Other historic buildings that are now part of the National Trust for Scotland estate include the Palace from the start of the 17th century, and the Study of Bishop Leighton.  There are details of these on the Culross Development Trust website, and the National Trust for Scotland site.  Culross Abbey, in the North-East corner of the town, dates from the 13th century, and part of it became the parish church in1633.  The ruined sections are maintained by Historic Scotland.

 

I didn’t get as far as the Abbey either, but wandered around the narrow streets for a while, then spotted a couple of visitors walking across to the Tolbooth – perfect for a few more photos!  By then my time was used up, and I had to dash back to the car.  As I drove out to the east, I spotted a sign on the left for a footpath to Culross, suggesting there is scope for longer walks.

 

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Some footpaths to explore next time

 

I checked the map afterwards – this footpath leads back to Culross from the coast road, just a couple of hundred metres beyond the town.  It looks as though the track leads through woodland then turns west to Culross Abbey.  There are others linking the minor roads a little further to the north, offering the prospect of quiet circular walks. 

 

Other paths are marked to the west of the little town.  One runs from a lane on the north side of the town, west through fields then just within a forest plantation, joining the main A985 road just east of Bordie.  At Bordie a ruined castle is marked, and there’s a farm track running south through Bordie then turning left for half a mile, before another track turns right and bends down alongside a stream before it reaches the coast road mid-way between the Power Station and Culross.  From here you should be able to follow the road back towards Culross, and look out for an opportunity to join the coastal path for the final section.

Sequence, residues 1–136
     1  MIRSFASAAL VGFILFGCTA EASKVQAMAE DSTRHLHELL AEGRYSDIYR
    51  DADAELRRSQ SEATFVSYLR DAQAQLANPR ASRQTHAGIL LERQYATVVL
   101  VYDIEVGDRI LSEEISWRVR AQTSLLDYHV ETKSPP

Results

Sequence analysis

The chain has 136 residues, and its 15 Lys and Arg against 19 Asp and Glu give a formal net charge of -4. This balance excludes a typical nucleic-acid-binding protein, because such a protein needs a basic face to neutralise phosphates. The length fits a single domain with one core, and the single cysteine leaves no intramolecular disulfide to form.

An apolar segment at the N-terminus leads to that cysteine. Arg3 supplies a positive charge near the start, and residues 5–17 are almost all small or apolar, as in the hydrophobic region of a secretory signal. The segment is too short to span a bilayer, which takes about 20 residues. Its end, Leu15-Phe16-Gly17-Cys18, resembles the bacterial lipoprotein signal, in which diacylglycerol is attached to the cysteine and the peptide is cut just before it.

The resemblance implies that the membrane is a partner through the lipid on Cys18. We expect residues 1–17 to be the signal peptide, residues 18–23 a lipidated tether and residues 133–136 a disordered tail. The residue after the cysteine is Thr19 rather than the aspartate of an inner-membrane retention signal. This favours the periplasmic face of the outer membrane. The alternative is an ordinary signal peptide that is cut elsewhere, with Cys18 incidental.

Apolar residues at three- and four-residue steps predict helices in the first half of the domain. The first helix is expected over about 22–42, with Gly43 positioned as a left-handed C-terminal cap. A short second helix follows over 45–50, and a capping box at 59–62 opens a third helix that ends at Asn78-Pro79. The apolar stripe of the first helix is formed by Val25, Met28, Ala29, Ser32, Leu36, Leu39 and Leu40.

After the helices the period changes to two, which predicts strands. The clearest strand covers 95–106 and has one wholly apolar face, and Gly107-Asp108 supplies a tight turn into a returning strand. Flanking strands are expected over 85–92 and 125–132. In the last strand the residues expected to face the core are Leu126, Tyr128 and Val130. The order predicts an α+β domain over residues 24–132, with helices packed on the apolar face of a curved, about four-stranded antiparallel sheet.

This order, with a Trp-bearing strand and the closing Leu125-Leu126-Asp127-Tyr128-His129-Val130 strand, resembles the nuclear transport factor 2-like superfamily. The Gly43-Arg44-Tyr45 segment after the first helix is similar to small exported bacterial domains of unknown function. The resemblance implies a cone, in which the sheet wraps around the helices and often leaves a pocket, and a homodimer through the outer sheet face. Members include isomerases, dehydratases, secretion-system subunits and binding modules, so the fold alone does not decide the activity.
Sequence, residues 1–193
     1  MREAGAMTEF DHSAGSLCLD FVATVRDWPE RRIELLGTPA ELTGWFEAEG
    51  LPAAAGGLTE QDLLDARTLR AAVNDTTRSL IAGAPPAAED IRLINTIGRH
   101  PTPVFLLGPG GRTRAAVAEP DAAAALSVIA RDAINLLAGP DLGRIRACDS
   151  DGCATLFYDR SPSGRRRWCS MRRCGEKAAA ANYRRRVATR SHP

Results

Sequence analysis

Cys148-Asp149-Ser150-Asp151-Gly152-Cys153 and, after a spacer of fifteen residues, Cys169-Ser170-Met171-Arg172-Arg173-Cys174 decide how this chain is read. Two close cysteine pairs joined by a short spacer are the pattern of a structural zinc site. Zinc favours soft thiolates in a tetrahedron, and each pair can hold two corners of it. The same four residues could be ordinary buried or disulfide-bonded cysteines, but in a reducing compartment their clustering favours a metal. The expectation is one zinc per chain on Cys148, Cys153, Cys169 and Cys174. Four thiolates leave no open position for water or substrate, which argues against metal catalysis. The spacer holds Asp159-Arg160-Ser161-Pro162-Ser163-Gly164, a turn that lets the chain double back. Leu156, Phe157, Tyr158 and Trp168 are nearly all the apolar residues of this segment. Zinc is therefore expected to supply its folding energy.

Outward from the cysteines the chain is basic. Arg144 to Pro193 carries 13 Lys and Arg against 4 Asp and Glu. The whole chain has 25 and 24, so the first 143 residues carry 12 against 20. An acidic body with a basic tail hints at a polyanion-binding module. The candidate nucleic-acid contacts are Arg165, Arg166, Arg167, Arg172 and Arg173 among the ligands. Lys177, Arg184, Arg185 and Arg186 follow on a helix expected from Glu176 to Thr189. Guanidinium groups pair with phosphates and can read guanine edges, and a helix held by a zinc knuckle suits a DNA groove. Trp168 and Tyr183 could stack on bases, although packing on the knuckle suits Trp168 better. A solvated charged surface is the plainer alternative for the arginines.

Then of course there’s the Fife Coastal Path , a superb achievement, running from Culross all the way around the coastline to the Tay Bridge, linking small towns and villages and their picturesque harbours, including Tayport, St Andrews, Anstruther, Aberdour, and Culross.  It’s suitable for cyclists as well as walkers.  You can easily walk or cycle sections of it, combined with inland paths.

 

Contributed by Andrew Llanwarne - May 2006

 

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< Back to Scotland page with links to other walks

 

 

 

Houses next to the Tolbooth

Houses next to the Tolbooth

Looking up Mid Causeway towards the Study of Bishop Leighton

Looking up Mid Causeway towards

the Study of Bishop Leighton

Looking up towards Kirk Street in the centre of the town

Looking up towards Kirk Street

n the centre of the town

The view back up Little Causeway towards the Dundonald Arms Hotel and the Market Cross beyond

Further down the Little Causeway, at the junction with the main street through Culross

Further down the Little Causeway, at the junction with the main street through Culross

Walking back towards the Tolbooth

Walking back towards the Tolbooth

 

Composite picture of the main street and Tolbooth from the park

Composite picture of the main street and Tolbooth from the park